"The researchers analyzed data from 5,800 elementary school students and found that boys performed better on standardized exams in math, reading and science than their course grades reflected. The authors suggest that girls are truly only outperforming boys in "non-cognitive approaches to learning" -- defined as attentiveness, task persistence, eagerness to learn, learning independence, flexibility and organization -- leading to better grades from teachers."My first reaction to the article was No, duh. I wasn't going to even post it, but I enjoyed reading a few of the comments.
Comment from eceresa: So the authors' contention is that the boys know the material (as evidenced by test scores) but the girls are more persistent, organized, and attentive (evidenced, probably, by doing more of their work). And the higher grades that the girls receive in this situation are, according to those authors, indicative of a problem? They're wrong. They're indicative of TWO problems: first, that the boys need to become more persistent, organized, and attentive, and second, that the authors need to learn that students' grades do and SHOULD reflect more than just test scores.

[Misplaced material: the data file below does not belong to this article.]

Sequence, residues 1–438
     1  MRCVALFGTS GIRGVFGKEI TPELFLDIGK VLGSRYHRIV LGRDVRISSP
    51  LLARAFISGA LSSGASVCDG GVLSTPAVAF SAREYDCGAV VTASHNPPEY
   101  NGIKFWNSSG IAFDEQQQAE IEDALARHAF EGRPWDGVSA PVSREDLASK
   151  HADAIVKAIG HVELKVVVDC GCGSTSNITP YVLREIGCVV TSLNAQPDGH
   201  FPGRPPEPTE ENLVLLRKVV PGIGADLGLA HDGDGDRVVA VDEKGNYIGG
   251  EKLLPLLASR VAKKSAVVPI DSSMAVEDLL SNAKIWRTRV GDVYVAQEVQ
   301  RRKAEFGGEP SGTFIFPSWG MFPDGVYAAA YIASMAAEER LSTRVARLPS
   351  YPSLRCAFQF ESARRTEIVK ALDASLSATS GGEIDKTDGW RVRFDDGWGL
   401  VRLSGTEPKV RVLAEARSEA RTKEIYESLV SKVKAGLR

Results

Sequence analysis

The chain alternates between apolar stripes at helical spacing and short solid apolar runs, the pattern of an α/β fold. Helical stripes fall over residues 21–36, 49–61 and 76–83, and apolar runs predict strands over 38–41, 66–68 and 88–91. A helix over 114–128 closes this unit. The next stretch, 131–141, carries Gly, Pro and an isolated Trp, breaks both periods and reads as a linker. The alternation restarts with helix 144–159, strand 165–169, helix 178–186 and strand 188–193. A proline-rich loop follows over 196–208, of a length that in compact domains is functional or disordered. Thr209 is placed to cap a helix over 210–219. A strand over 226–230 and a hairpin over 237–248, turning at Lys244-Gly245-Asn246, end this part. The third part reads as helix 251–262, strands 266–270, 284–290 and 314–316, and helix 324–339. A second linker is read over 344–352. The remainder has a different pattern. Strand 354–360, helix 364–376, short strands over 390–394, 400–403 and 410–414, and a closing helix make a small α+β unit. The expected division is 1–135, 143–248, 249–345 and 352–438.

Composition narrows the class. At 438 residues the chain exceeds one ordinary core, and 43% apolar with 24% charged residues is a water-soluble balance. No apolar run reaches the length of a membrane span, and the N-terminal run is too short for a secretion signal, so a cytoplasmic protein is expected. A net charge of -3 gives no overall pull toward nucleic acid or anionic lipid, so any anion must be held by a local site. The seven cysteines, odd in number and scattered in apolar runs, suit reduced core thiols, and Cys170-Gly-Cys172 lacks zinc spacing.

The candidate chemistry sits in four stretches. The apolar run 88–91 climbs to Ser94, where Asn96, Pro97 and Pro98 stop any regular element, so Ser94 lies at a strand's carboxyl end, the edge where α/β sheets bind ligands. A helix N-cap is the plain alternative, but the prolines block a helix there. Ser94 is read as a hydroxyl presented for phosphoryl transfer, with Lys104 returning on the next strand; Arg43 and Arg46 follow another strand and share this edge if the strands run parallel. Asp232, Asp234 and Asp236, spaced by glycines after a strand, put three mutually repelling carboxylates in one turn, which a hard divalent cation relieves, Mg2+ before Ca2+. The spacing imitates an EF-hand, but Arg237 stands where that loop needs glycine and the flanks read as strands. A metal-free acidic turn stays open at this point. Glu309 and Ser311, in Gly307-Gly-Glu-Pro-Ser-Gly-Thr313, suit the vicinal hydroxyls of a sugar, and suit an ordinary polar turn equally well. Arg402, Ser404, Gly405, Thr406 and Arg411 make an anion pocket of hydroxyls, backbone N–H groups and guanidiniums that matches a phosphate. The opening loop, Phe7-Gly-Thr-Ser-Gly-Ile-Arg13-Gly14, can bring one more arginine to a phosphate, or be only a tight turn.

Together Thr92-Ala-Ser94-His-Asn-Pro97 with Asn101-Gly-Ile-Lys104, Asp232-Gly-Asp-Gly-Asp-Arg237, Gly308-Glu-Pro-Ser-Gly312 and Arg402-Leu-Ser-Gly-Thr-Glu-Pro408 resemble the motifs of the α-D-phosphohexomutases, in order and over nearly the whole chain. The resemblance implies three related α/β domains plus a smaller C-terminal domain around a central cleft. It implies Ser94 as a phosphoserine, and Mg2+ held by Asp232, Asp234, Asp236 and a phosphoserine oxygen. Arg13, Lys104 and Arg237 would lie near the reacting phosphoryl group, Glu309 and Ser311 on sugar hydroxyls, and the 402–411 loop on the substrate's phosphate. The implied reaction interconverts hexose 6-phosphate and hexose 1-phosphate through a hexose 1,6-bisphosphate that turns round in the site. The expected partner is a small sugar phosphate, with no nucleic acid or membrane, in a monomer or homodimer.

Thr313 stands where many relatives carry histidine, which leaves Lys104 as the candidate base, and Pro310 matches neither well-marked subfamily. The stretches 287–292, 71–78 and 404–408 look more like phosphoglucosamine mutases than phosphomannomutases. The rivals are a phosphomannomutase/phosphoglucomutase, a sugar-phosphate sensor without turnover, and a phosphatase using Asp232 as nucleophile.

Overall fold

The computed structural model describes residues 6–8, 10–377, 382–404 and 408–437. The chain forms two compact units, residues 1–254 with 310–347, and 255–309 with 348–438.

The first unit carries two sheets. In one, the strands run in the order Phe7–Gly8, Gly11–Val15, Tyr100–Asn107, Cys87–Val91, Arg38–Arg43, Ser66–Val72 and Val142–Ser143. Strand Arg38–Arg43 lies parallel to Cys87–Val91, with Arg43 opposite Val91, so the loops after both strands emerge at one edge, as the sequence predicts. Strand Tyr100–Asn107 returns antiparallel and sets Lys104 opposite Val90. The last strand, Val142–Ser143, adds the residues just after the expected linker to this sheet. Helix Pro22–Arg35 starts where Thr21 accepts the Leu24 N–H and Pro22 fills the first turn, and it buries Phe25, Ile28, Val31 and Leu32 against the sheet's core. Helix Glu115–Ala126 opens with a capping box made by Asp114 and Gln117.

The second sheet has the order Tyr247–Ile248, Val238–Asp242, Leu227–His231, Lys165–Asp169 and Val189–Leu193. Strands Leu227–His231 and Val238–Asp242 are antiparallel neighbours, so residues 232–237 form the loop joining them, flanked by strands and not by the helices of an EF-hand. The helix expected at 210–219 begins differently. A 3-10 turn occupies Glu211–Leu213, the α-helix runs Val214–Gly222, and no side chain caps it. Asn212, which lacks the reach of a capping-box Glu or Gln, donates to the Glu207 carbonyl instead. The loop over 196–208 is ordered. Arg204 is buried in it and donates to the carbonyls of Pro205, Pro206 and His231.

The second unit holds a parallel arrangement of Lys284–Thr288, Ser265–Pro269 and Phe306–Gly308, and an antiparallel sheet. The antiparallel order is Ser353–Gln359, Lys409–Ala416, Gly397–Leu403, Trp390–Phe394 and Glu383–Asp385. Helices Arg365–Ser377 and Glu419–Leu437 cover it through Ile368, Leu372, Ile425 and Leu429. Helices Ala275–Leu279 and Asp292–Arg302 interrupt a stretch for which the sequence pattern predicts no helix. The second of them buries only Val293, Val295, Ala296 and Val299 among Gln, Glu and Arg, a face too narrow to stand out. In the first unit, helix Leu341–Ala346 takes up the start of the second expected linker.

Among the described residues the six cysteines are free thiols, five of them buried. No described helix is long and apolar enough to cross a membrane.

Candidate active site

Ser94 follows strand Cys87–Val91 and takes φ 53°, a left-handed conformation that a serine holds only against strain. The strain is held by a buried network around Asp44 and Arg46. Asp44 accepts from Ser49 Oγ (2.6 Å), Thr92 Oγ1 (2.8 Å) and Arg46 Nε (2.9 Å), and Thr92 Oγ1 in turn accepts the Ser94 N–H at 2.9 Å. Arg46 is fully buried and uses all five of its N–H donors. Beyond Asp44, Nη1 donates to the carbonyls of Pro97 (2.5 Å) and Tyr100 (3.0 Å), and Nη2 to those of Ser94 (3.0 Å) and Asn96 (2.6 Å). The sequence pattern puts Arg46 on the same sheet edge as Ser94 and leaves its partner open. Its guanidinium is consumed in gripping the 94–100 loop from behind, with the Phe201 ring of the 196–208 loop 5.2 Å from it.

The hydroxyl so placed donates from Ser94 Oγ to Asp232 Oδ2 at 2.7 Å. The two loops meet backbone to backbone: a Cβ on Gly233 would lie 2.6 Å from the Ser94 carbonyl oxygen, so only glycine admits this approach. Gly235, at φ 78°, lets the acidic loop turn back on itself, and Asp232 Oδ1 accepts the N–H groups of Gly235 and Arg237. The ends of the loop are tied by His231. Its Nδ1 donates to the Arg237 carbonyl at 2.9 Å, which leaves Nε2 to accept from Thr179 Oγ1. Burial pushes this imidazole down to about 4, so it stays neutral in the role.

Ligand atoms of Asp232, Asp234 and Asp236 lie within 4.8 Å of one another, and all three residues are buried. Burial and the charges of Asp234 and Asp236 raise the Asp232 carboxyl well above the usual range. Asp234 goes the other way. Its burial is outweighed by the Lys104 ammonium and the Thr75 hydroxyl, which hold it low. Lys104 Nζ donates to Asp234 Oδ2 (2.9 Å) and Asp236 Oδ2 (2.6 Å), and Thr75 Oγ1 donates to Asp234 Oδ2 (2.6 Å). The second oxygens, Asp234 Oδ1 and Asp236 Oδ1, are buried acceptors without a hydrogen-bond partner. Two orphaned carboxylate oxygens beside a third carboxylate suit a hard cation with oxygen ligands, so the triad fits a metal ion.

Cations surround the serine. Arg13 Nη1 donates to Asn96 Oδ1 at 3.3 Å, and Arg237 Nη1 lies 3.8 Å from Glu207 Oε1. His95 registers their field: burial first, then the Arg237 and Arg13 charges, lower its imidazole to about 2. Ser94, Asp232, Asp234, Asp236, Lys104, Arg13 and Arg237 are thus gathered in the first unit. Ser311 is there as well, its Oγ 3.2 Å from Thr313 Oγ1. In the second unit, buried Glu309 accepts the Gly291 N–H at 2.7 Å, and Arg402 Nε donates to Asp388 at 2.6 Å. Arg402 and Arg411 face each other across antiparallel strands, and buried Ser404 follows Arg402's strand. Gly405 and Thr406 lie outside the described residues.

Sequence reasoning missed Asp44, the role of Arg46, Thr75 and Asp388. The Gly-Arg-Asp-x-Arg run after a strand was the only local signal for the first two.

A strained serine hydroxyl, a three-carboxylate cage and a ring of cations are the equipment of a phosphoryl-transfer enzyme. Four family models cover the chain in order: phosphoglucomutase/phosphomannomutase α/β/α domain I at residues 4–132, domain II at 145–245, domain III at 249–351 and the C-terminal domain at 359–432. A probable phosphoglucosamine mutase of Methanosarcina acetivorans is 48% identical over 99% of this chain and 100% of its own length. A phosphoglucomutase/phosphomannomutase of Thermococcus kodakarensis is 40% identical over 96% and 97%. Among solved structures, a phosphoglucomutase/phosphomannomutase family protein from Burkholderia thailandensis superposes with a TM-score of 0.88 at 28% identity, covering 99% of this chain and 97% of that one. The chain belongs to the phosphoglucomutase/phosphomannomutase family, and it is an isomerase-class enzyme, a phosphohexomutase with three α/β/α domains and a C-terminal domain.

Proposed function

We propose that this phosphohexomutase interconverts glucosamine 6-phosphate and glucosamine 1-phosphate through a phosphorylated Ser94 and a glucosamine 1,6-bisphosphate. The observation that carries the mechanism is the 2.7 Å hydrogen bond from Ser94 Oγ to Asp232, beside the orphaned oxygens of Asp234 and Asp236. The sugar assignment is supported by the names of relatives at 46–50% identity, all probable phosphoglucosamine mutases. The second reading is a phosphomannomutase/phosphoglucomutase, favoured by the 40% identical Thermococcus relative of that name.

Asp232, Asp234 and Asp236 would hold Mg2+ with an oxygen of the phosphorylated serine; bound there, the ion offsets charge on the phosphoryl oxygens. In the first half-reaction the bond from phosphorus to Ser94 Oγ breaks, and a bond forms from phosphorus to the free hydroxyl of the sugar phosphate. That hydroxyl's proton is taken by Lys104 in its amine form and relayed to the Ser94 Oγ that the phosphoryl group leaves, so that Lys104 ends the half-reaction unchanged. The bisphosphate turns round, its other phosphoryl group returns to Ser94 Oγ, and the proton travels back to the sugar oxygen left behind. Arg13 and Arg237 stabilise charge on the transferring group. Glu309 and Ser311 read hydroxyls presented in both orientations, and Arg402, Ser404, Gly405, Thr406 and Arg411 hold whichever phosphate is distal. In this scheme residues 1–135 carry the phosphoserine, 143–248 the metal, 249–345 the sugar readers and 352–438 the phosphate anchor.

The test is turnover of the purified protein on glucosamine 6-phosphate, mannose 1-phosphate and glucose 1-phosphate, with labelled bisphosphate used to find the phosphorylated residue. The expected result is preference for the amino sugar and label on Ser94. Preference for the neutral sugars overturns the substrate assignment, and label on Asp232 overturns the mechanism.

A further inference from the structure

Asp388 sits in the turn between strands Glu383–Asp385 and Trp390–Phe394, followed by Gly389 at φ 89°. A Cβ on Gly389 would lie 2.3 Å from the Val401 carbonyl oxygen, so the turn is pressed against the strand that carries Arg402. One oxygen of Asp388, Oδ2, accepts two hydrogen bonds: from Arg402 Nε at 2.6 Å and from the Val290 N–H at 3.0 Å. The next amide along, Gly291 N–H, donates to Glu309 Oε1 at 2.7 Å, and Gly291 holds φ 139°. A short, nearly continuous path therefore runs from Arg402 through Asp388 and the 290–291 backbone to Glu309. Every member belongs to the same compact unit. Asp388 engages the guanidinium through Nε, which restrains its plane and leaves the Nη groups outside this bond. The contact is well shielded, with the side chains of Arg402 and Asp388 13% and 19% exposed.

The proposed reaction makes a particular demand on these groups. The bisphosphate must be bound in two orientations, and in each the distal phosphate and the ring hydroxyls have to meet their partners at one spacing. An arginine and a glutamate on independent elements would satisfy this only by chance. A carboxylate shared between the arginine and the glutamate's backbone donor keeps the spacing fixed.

Comment from educatedsoccermom: Add the elimination (or drastic reduction) of PE and recess, increased academic pressures at younger ages, and spending hours upon hours drilling for standardized testing and it's no surprise at all. One of my boys was miserable in public school by third grade. Desperate we moved him to an independent school that had PE and gym every day plus more time for art and music. He thrived there and more importantly liked school again. He had great teachers but the system is broken.